Tuesday, August 27, 2013

How to Make a Fake Vintage Wood Crate

I need more food storage space in my kitchen. I know, I know who doesn't?

In my case we have one three shelf cupboard that holds actual food and the other cabinets hold dishes, mugs, and a bunch of empty mason jars waiting for our garden to ripen.



Replacing the current kitchen cabinets with my dream of cabinets that go all the way up to the ceiling isn't on the 2013 DIY List. Someday, but not today.

 Where can I find space in our small kitchen?



Hey Lisa, look up! Why don’t you make a storage crate for your empty
 jelly jars and store them out of the way on top of the refrigerator?

Out of the mouths of dogs. This girl is smart!

How to Build a Mason Jar Storage Crate


I have several real vintage wooden fruit crate that would look awesome in the kitchen but are too tall to fit on  the of top of the fridge.  I decided to build my own in a custom size and fake the vintage look.

A Sharpie marker dot on the top of the used mason jar lids helps me  keep them separate from the new mason jar lids I use for canning.   I put the used lids to good reuse for storing homemade banana chips, brown sugar, etc. and DIY projects. 

I have a bunch of  reclaimed cedar fence wood sign blanks left from my football team welcome sign project you can read about here and will those to build my crate. A bit of sanding to knock down the ridges in the wood and to remove the solid layer of background craft paint, it will give the wood, and my finished project, a vintage look.

You will need:

Lead test kit – if you are using reclaimed wood like I am
4 pieces of wood 6 inches wide by 16 inches long
2 pieces of wood 6 inches wide by 11 ¼ inches long
Sander and sandpaper – I’m using 80 grit sandpaper to make the wood smooth enough so my jars don’t tip over in the crate but rough enough so the finished project looks like an old crate. If you want smoother wood you will need to use 120 grit sand paper after sanding the wood with he 80 grit.
Safety glasses
Dust mask
Wood glue
Pencil
Nails or wood screws – I’m using wood screws  for stability since I will be pulling on the sides of the box when I need to grab it from on top of the refrigerator.
Hammer – for nails
Drill, drill bit for pilot holes, and screwdriver - for screws
Clamps


1. Check it. If you are using reclaimed wood like I am please  use a lead check swab to check the wood for lead because you don’t want to make hazardous lead filled sawdust during the project which could happen with reclaimed wood. My wood passed as well as the craft paint I used to paint the sign blanks.


Spend a couple of bucks and put your mind 
at ease – end of Public Service Announcement :)


2. Sand it. It is easier if you want/need to sand the front back and sides of all of the boards first
instead of last. Make sure you protect your peepers with safety glasses and lungs with a dust mask.

 
Safety glasses don't have to be ugly and here is the proof! These are my "tortoise shell" ssafety glasses. I bought them from Amazon because they are made for women's faces and well, I like that they look cooler than dude safety glasses and that encourages me to wear them more often. Win/win.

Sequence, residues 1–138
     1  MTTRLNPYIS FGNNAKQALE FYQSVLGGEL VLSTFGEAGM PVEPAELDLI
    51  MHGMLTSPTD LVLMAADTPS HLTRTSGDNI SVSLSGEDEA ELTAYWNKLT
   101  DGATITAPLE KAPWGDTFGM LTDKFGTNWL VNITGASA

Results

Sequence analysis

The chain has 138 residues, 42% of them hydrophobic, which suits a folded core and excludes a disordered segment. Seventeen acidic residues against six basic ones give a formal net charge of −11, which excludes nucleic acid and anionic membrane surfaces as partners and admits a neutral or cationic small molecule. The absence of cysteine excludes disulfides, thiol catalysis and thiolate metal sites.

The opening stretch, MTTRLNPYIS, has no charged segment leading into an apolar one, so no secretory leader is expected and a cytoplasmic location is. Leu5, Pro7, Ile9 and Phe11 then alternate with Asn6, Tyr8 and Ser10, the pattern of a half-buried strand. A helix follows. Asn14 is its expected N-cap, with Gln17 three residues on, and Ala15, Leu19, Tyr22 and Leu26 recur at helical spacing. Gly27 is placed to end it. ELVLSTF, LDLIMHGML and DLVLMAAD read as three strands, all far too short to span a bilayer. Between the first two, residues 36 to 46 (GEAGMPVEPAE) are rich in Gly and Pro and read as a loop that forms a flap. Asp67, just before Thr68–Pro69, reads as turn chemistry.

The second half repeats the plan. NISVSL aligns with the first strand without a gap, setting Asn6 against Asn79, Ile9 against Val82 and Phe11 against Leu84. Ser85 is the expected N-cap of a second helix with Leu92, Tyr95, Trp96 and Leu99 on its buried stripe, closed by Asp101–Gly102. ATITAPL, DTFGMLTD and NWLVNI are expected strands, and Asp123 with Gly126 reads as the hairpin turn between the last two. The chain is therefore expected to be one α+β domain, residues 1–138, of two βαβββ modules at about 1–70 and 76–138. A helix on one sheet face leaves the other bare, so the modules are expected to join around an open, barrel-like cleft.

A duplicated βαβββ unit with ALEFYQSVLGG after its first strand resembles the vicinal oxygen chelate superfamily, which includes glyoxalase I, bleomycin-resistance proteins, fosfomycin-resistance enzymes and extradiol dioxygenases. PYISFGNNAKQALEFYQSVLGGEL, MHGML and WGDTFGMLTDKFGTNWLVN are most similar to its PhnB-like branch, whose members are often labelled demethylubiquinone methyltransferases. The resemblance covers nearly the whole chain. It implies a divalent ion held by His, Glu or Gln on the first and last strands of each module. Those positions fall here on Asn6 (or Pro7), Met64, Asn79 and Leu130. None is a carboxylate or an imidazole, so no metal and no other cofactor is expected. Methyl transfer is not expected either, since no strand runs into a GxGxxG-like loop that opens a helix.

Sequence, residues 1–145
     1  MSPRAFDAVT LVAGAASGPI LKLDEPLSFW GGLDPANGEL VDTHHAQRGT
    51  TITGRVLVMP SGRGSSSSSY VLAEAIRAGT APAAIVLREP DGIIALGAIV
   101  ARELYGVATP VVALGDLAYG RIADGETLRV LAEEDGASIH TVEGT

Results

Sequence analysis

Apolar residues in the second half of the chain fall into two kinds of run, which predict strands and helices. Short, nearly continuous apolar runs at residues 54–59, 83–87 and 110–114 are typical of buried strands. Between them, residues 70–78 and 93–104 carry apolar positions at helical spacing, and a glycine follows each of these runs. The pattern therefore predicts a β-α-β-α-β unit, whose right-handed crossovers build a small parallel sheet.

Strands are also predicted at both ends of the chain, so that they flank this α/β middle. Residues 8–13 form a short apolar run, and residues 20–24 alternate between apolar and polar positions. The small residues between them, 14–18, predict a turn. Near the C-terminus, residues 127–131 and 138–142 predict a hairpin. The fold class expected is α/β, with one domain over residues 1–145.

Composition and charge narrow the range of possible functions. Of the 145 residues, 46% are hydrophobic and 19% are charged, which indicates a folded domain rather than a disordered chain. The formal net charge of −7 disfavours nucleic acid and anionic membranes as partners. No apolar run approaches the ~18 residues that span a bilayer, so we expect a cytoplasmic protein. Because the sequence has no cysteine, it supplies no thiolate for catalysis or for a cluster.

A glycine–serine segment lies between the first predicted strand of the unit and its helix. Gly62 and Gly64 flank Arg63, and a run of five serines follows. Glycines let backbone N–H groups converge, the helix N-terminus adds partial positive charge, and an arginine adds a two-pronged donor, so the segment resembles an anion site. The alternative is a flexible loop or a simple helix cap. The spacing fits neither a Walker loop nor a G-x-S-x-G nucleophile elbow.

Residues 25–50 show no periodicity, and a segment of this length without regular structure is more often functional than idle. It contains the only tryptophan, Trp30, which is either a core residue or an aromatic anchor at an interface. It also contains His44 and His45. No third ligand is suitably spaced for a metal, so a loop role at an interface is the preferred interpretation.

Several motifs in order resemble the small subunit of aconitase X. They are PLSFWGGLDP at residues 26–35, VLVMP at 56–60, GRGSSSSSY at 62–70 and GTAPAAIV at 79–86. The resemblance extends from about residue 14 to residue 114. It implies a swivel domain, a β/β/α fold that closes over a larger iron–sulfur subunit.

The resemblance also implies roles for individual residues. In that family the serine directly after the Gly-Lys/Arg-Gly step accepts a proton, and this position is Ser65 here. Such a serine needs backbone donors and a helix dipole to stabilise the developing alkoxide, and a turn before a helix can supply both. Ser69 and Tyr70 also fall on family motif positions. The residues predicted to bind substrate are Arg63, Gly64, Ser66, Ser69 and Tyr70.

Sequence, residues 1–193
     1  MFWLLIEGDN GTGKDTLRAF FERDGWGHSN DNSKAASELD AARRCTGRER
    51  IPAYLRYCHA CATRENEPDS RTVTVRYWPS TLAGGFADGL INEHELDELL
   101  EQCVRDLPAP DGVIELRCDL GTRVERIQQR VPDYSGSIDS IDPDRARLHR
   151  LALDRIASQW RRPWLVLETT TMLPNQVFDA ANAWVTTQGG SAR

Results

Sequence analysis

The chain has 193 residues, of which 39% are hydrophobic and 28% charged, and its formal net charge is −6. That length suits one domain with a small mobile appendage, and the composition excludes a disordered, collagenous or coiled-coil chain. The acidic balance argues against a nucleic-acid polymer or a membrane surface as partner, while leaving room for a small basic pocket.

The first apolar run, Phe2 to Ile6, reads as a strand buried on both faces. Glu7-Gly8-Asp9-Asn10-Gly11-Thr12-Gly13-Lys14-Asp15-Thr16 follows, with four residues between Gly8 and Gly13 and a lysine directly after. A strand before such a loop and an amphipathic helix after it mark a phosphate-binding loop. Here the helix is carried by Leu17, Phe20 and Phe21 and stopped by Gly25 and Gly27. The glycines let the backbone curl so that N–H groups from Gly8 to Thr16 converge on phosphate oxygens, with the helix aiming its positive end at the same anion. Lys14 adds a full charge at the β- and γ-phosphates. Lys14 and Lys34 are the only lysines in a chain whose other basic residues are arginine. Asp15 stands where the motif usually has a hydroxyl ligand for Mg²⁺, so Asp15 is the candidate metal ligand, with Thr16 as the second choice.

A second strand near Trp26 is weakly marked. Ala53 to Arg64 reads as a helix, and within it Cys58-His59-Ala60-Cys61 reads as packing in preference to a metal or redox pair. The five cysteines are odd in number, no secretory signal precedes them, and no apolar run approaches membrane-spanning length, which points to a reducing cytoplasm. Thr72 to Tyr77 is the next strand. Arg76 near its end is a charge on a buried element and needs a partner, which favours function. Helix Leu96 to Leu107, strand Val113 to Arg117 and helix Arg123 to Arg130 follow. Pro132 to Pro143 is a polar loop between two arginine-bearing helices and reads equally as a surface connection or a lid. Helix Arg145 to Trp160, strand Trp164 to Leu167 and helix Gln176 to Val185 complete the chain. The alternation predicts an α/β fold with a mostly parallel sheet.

3. Do a dry fit. But the ends of two 6 x 16 pieces of wood and two 6 x 11 1/4 pieces of wood together on a work surface to form a rectangle shape. This will be the size of the finished crate.

I don't have a photo of the crate dry fit (bad blogger!) but this dry fit photo from my tabletop corn hole game tutorial (you can read it here) is the same principle with smaller dimensions. 

4. Mark it. Use the pencil to indicate where you want to attach the ends of the boards together with the screws/nails.

5. Drill it.  If you are using screws, drill a shallow pilot hole for each screw you  marked in Step 4 with the drill and drill bit. The pilot hole will keep the wood from splitting when you screw the boards
together.

6. Glue and screw the corners. Run a bead of wood glue along one 6 x 16 piece of wood and one 6 x 11 1/4 piece of wood and use a clamp to hold the two pieces of wood together while you use the hammer/screwdriver and the fastener of your choice to attach the board together.

Using reclaimed wood can be tricky. I drilled a pilot hole and still cracked the wood on top screw.

Congratulations! You created a butt joint!

 Really.

This type of corner is called a butt joint because the two pieces of wood butt up against each other instead of being cut at an angle. The angled corner is called a miter joint.


5. Attach the bottom boards to the crate frame. You have several options when making the bottom of your crate.
  • Glue and clamp then nail or screw a solid piece of 11 ¼ x 17 inch piece of wood to the outside bottom of the crate frame. 
  • Glue and clamp then nail or screw 2 6 x 17 inch pies of wood side by side and to the outside bottom of the crate frame. 
  • Glue and clamp, then nail or screw 2 5 x 16 inch boards side by side and to the inside bottom of the crate frame. This is what I did since I had a height limit.

I didn't screw the crate together perfectly for fake beat up crate realness. 
(Yes, I know you taught me better Dad. I'm going for an aesthetic here.)


6. Filler her up! As an extra precaution I cleaned the sawdust from the finished crate with vinegar since this crate will live in my kitchen.

Vinegar is a natural disinfectant and if it pickles the wood, that’s OK because I loves me some patina!

Lacey made this simple little box a fantastic project!

Of course I'm going to let you build the crate uninterrupted. It was my idea!


For the first time in the seven months since Lacey joined our family, she let me work on a project away from her. Lacey didn't freak out or have an accident when we separated by the garage door or when I made noise with my tools for the first time ever. I'm so proud of her!


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